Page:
Nze's love for his fatherland baited him back from the Diaspora and made him aspire to contribute his part in the building and shaping of the Nigerian Nation. Little did he agree with me that the country has been hijacked by evil men who thrive by making sure that nothing works, and who will stop at nothing in precluding Nigeria's bright and patriotic children from getting a chance to play any significant role. The country he loves and defended so much gave him nothing in return, not even security. I remember telling him at Jevinik that Nigeria is a failed state. I love this country very much too, and no matter how much those benefiting from the present lawlessness pretend to love Nigeria more, any country that can not fulfill a crucial part of the social contract between itself and its people - which is to secure lives and properties - has all the frills of a failed state.
How could things like this happen in a country that lays claim to civilization? In Nigeria today, assassins operate in broad daylight and hack their victims to death with so much impunity and nothing happens thereafter. Can someone remember any resolved case of political assassination in this country? Not even when a serving Attorney General of the Republic was killed.
So much buzz has been made about holding free and fair election in 2011. But I always have maintained that there can be no free and fair election when there is no guarantee of security. It would mean that people are already disenfranchised by being daunted out of their ambition due to fear of being harassed or killed. It would further connote that many Nigerians would be afraid to go out on election day to vote due to the activities of thugs hired by political charlatans. As I have said in so many articles, and like I told Nze, until we stop denying and pretending that things are not terrible and until we accept that we have failed as a Nation and start anew on a new-fangled foundation, this country will never move forward. It will continue to suffer both ideological and developmental malaise.
Typical of Nigeria, I have heard top government officials talking of making Nigeria one of the top 20 countries come 2020. Worse still, the government is earmarking trillions of Naira to realize such a willow-the-wisp. The truth, for any one who cares to know, is that Nigeria can never overtake, at least in our life time, any of the countries making up the present European Union. So, instead of wasting such enormous money on a silly wild goose chase, let us use it to fix at least security that will guarantee free and fair elections. Let there be no mistake, until there are free and fair elections, Nigeria will remain in doldrums. There could only be progress when the right people are at the helm and when they are coerced to be accountable and responsible through the fear of reckoning come Election Day.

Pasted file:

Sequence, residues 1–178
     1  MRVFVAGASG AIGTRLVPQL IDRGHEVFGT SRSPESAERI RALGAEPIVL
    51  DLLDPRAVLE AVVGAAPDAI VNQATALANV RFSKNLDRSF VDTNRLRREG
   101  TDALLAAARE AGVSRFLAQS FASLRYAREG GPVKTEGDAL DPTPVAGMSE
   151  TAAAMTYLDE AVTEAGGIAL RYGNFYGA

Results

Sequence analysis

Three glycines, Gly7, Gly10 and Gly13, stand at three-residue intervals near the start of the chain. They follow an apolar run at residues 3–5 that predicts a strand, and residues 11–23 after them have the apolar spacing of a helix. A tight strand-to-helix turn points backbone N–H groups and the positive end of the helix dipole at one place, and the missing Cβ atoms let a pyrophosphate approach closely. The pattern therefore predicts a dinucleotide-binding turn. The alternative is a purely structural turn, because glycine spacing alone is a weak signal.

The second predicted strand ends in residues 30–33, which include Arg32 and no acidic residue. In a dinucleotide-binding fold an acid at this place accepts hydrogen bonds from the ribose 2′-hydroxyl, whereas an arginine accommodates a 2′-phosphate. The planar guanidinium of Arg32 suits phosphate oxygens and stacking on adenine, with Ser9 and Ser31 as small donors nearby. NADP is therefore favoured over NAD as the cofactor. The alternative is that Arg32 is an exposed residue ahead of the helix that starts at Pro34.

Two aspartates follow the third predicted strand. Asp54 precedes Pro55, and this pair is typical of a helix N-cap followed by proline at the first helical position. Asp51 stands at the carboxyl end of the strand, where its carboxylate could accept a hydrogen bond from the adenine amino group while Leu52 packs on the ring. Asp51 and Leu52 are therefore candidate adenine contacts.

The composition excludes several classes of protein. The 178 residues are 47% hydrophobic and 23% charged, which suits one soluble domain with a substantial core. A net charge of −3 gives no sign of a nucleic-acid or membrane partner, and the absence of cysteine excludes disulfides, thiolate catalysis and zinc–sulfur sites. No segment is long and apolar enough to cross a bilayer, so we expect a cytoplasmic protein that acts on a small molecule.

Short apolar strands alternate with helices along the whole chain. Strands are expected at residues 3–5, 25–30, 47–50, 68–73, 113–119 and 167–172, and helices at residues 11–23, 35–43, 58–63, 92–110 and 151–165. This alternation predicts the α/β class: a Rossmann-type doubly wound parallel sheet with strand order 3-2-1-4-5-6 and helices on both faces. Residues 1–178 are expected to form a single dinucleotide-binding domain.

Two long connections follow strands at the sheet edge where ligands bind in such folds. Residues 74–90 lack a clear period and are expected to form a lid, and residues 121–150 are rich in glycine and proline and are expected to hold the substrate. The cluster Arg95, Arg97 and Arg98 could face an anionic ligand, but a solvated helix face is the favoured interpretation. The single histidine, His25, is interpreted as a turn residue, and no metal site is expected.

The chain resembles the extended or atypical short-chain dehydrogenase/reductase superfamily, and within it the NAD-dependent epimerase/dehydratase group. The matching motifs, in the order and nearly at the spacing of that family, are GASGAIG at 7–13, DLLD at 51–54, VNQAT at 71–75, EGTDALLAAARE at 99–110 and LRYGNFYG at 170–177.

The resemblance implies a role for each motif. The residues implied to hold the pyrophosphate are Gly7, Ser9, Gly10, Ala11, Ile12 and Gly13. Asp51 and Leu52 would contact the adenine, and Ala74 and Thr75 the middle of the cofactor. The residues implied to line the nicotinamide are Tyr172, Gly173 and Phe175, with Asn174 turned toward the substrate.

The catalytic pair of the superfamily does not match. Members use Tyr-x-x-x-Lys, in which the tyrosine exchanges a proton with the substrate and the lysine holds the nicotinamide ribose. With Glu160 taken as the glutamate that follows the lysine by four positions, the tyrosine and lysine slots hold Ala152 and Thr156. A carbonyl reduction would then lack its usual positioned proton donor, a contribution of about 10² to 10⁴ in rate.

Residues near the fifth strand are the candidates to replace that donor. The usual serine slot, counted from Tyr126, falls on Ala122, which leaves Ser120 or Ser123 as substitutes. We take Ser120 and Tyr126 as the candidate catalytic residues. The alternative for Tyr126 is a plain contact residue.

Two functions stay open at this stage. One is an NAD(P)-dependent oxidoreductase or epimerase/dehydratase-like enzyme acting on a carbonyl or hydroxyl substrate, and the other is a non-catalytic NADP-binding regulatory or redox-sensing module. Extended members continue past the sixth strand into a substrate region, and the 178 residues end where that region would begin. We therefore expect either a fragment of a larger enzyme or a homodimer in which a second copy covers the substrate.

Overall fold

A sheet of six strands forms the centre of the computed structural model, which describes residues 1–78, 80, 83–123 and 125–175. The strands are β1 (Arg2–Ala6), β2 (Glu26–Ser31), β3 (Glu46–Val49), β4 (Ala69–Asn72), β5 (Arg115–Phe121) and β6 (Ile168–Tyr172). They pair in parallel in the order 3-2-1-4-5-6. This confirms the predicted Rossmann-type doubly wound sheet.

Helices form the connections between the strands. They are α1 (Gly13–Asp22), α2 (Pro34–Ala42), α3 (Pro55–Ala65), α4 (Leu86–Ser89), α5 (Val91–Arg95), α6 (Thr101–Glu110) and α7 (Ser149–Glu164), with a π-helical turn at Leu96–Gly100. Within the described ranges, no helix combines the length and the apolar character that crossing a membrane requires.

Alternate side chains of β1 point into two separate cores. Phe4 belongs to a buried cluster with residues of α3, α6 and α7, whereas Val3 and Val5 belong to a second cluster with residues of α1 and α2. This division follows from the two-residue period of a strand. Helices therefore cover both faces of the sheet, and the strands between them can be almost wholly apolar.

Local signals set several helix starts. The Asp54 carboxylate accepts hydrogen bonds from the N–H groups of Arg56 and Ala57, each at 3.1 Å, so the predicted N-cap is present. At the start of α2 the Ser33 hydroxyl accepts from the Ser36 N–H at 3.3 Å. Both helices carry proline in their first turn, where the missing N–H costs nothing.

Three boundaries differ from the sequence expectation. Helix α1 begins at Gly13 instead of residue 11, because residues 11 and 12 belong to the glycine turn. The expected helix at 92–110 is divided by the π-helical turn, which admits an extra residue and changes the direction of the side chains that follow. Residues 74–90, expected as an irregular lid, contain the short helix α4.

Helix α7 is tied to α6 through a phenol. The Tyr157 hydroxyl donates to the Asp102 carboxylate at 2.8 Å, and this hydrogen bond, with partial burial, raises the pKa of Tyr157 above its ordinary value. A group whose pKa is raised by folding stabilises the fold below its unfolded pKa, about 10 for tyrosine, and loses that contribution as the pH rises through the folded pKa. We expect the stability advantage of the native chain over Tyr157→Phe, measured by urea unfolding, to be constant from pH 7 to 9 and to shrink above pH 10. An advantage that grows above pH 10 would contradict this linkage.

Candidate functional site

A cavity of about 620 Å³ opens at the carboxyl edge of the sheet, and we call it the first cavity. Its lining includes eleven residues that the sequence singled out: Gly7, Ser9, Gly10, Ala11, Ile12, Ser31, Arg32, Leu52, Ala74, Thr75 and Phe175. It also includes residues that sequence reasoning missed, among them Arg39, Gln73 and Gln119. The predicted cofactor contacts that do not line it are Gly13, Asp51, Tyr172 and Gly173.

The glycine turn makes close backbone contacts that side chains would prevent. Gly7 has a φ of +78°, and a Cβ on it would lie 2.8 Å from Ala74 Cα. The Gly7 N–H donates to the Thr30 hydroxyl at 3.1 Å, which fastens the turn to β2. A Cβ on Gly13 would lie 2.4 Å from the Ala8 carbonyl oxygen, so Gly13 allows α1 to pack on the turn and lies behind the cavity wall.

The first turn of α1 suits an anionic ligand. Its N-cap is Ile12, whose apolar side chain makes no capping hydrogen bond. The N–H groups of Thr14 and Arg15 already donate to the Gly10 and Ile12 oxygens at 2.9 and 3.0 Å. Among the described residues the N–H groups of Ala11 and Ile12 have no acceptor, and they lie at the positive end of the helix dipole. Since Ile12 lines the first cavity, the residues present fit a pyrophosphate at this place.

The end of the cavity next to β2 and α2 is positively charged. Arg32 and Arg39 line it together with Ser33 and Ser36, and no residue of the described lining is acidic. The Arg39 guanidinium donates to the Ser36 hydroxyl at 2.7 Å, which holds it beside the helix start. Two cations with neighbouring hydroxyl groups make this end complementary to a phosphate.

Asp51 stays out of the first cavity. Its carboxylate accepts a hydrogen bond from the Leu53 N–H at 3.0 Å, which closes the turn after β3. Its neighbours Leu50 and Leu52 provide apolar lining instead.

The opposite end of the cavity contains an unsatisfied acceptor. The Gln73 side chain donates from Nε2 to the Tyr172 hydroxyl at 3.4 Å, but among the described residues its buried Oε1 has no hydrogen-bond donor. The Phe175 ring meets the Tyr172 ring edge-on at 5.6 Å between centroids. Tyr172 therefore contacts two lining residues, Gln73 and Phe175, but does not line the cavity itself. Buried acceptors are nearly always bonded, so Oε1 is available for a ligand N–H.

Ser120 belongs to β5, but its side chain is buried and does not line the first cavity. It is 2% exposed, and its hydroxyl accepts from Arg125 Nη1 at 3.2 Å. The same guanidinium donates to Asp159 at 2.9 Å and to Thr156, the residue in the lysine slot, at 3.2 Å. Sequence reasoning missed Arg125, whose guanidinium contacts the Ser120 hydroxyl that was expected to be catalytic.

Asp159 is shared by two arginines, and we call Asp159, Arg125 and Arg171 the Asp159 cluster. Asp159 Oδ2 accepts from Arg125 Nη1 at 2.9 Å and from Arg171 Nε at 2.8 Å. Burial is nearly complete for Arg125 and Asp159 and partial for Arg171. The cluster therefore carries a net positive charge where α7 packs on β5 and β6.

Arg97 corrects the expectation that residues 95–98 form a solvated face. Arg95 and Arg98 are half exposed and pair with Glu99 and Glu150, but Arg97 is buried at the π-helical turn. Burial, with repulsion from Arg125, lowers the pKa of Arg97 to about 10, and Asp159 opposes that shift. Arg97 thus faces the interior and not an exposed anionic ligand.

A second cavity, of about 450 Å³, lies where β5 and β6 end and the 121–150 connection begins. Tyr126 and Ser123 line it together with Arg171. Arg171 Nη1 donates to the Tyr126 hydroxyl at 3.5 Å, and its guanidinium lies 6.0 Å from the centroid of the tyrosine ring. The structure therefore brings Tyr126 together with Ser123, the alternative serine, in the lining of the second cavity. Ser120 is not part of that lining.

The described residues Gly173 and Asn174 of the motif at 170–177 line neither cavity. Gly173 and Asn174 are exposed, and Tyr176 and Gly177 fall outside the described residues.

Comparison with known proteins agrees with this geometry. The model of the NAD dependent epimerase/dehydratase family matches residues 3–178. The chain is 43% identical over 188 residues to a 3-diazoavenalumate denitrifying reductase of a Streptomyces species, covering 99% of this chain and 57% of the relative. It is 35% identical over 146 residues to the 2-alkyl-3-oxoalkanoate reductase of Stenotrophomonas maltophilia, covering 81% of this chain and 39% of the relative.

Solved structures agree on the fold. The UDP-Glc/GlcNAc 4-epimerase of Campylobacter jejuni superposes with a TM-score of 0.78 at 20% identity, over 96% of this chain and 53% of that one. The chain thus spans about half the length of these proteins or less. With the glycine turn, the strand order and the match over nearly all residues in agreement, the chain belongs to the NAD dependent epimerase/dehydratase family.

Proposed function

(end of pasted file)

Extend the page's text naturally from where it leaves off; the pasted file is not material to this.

Nze, my friend, had the dream of serving his people but the enemies of those people dastardly thwarted that dream from coming true. At this point, it is useless to envision what impact his service would have had of those people's lives if that dream was not sliced by the assassin's bullets. Nevertheless, one thing is lucid, the Chief Security Officer in Imo State has generally come short of his oath of office and must accept responsibility for the killing of Nze Sunny Orji Ogbu, which came on the heels of the assassination of a prominent business woman in Owerri. This failure now confines him in the compartment of damage control and he has to purge himself of his failure by making sure that those who slashed this rare gem I knew, do not get away with their gruesome crime.
Those who masterminded the extermination of Nze are the most callous people on this planet. My late friend was a shinning moment of what a human being should be. He touched many lives during his sojourn here on earth. To be around Nze, is to enjoy his endless jokes and to laugh until tears trickle down your cheeks. He left ineffaceable marks on the minds of all those who knew him and those who crossed his path in life. Nze was an unimpeachable philanthropist and a broad minded Man of the People, who silently provided succour for the needy without singing about it. He was someone who did not need a podium to be kind. This leaves me at a loss as to the kind of people that will sit on a table and hatch his riddance. But until they are found, the ghost of Nze will continue to torment them.
Life is a walk. Nze started his from a tiny street in Aba and ambled his way to become a business icon in Abuja. It was a short walk to success and fame as he bestrode life like an unshakable colossus, with a sane morality and deep rooted convictions of what he wanted for himself. And at the end, his aficionados, and his young family could only look back at his life and times and be proud of him. Adieu! My friend.